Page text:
Surprising Cinnamon

Cinnamon is one of the oldest known spices. It comes from the bark of the cinnamon tree, and is grown in many tropical areas, including Java, Burma, China, Southern Asia and throughout South America.

There are two main types of cinnamon:

  • Ceylon (Sri Lanka) known as “true” cinnamon, from Sri Lanka
  • Cassia (Chinese), from southern China

There are subtle differences between the two. Ceylon is low in Coumarin, a natural blood thinner found in cinnamon. It is sweeter, harder to find and more expensive. Cassia has a high Coumarin content, is more pungent, less expensive, and easier found in grocery stores.

You can buy cinnamon as ground, as sticks, oil, or capsules for use as a supplement. When you buy the ground, always check the ingredients, and buying organic is the best. As with other spices, freshness lasts for six months in a tightly closed container and sticks can last for a year.

So which is better? Some say the Ceylon, but both have surprising health benefits. Here are just some of the things I found:

Alzheimer’s Disease – a study from Israel says cinnamon delays the effects of a gene that causes the disease; it also boosts memory and cognitive functions

Diabetes – it’s not a medication for Diabetes but is excellent for diabetics because it lowers blood sugar and stimulates more insulin production

 Cardiac Disease – cinnamon lowers LDL (bad) cholesterol and triglycerides, reducing the risk factors for heart disease and stroke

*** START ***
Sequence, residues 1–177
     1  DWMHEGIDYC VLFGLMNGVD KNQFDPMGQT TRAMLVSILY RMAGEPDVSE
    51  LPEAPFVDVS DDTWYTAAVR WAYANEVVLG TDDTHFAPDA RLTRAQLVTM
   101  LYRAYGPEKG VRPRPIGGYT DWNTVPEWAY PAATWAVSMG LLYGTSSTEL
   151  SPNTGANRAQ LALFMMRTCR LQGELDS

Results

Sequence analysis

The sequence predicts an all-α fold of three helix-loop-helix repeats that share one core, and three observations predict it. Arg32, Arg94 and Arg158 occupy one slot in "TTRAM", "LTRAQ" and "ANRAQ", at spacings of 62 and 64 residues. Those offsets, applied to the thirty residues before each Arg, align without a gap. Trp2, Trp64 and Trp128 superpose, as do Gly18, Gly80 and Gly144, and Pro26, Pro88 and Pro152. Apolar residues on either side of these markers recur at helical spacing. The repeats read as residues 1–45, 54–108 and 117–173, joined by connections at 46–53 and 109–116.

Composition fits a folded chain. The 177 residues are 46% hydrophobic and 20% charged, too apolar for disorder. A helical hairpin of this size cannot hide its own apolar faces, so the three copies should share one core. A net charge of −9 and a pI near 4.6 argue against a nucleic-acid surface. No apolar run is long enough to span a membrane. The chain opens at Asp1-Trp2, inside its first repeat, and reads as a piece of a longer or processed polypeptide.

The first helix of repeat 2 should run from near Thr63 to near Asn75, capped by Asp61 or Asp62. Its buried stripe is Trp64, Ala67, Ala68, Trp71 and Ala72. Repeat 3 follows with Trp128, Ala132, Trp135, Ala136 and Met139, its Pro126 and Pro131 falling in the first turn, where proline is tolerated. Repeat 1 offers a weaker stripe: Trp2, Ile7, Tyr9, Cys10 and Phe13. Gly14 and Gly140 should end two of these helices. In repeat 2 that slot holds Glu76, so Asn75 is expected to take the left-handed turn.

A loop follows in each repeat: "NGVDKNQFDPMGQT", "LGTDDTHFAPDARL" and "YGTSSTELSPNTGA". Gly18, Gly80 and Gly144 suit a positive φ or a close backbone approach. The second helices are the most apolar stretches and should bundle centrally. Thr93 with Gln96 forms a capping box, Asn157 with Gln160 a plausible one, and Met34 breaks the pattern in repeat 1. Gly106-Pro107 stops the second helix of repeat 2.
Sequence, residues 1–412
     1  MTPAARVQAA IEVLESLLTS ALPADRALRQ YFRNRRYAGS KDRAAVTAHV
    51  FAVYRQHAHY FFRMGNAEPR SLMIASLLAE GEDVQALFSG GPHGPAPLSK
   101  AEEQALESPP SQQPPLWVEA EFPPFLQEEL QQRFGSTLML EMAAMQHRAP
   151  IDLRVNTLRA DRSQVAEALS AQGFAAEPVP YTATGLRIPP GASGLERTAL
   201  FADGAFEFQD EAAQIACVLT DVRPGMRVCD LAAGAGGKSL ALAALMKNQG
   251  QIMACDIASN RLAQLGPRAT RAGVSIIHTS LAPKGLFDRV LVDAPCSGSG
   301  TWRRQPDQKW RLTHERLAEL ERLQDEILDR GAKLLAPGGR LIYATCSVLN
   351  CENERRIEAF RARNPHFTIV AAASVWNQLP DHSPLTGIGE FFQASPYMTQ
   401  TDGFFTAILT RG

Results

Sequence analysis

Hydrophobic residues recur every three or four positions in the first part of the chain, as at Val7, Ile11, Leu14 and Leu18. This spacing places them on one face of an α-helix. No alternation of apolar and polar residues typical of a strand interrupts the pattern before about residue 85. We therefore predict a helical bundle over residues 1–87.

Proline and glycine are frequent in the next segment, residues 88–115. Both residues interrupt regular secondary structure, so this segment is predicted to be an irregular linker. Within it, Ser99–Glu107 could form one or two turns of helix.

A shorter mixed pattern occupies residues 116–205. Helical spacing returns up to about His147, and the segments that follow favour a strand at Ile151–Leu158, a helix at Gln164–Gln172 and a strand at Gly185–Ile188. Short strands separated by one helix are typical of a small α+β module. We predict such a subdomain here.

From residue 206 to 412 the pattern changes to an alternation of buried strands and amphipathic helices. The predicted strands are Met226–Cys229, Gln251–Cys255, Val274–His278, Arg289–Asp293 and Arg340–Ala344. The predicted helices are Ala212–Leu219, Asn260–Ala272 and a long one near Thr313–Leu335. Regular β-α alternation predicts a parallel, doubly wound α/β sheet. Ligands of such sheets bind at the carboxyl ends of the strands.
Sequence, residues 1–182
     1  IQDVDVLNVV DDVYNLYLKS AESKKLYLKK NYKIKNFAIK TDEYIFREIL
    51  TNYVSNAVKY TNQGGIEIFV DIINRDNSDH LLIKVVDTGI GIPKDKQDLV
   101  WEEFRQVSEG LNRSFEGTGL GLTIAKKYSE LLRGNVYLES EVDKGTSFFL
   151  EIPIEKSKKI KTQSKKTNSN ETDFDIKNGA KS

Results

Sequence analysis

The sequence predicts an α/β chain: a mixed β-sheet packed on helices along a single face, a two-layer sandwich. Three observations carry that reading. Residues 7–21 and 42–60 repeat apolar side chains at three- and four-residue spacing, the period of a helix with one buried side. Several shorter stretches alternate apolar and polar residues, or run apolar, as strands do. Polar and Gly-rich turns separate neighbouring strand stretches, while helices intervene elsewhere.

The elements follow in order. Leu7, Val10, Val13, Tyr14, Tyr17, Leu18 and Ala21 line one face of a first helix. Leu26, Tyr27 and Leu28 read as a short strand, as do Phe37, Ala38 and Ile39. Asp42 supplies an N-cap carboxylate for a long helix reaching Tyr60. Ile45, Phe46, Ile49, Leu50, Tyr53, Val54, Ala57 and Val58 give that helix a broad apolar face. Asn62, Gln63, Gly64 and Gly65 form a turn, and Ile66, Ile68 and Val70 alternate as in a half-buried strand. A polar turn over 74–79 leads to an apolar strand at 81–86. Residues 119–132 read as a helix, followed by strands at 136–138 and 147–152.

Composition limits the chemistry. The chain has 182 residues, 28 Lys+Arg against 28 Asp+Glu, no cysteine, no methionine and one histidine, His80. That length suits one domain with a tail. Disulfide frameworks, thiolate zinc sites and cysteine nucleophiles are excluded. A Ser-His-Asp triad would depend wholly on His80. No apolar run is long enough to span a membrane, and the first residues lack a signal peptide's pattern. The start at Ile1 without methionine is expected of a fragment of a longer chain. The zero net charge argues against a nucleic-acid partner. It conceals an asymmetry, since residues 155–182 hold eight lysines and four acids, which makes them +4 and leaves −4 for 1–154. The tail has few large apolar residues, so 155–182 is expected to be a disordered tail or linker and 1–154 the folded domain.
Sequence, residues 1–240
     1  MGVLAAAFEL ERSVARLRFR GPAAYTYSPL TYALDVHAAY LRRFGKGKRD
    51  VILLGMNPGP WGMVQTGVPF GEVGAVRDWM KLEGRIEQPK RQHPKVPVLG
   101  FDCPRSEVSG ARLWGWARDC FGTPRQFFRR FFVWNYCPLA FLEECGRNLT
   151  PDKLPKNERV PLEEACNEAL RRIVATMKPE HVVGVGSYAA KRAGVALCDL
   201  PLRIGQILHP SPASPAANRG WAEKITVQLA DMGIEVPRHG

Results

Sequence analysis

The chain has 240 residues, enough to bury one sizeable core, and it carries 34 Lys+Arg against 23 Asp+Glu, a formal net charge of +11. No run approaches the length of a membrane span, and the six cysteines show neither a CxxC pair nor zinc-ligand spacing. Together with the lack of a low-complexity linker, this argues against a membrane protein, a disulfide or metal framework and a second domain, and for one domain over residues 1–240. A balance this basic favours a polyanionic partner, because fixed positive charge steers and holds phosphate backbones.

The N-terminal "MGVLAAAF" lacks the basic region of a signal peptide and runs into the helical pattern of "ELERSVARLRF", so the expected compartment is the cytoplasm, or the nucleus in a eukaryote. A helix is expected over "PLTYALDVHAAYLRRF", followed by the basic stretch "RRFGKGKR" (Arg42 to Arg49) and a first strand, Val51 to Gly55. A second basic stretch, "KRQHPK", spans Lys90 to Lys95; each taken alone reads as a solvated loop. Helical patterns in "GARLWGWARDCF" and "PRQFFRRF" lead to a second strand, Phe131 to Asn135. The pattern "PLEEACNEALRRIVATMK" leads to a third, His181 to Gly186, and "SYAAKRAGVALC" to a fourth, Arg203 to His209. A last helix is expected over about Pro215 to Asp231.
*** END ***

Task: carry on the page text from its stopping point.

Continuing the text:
Leukemia and Lymphoma  –  it is said to have properties  that slow down the spread and growth of  cancer cells

Osteoarthritis Arthritis – cinnamon has the compound cinnamomum, which has strong anti-inflammatory properties helping the easing of arthritic pain

Weight Loss – helps with weight loss because of its good digestive properties and helping with the breakdown of carbohydrates

Blood Thinner – Cassia cinnamon contains a major blood thinner, coumarin, which can help prevent clots

Tooth Decay and Gingivitis – cinnamon oil is an antibacterial and is found in some chewing gums, mouthwash and toothpaste so it plays a role in preventing mouth problems

Room Deodorizer – besides smelling good,  cinnamon oil can kill odor causing bacteria

Yeast Infections –  cinnamon has anti-fungal properties which help combat the effects of a yeast infection

You can add cinnamon on or in toast, cereal, lattes, coffee, tea, fruit and with baking.

How much cinnamon should you take? It’s generally recommended to take 1/2 to 1 teaspoon of cinnamon every day (about 2-4 grams). Some studies show it’s beneficial to take up to 6 grams.

Some side effects are possible for some people. Cinnamon oil can cause a burning sensation when it’s applied directly to skin. Candy and gum that contain a lot of cinnamon can irritate tissues inside your mouth. If you’re sensitive to coumarin or already on blood thinners and consume too much cassia cinnamon, it can cause liver disease or make you more susceptible to bleeding.

Cinnamon is not approved by the FDA to cure any medical condition and you should consult your physician before using it to treat any medical issues you may be experiencing.

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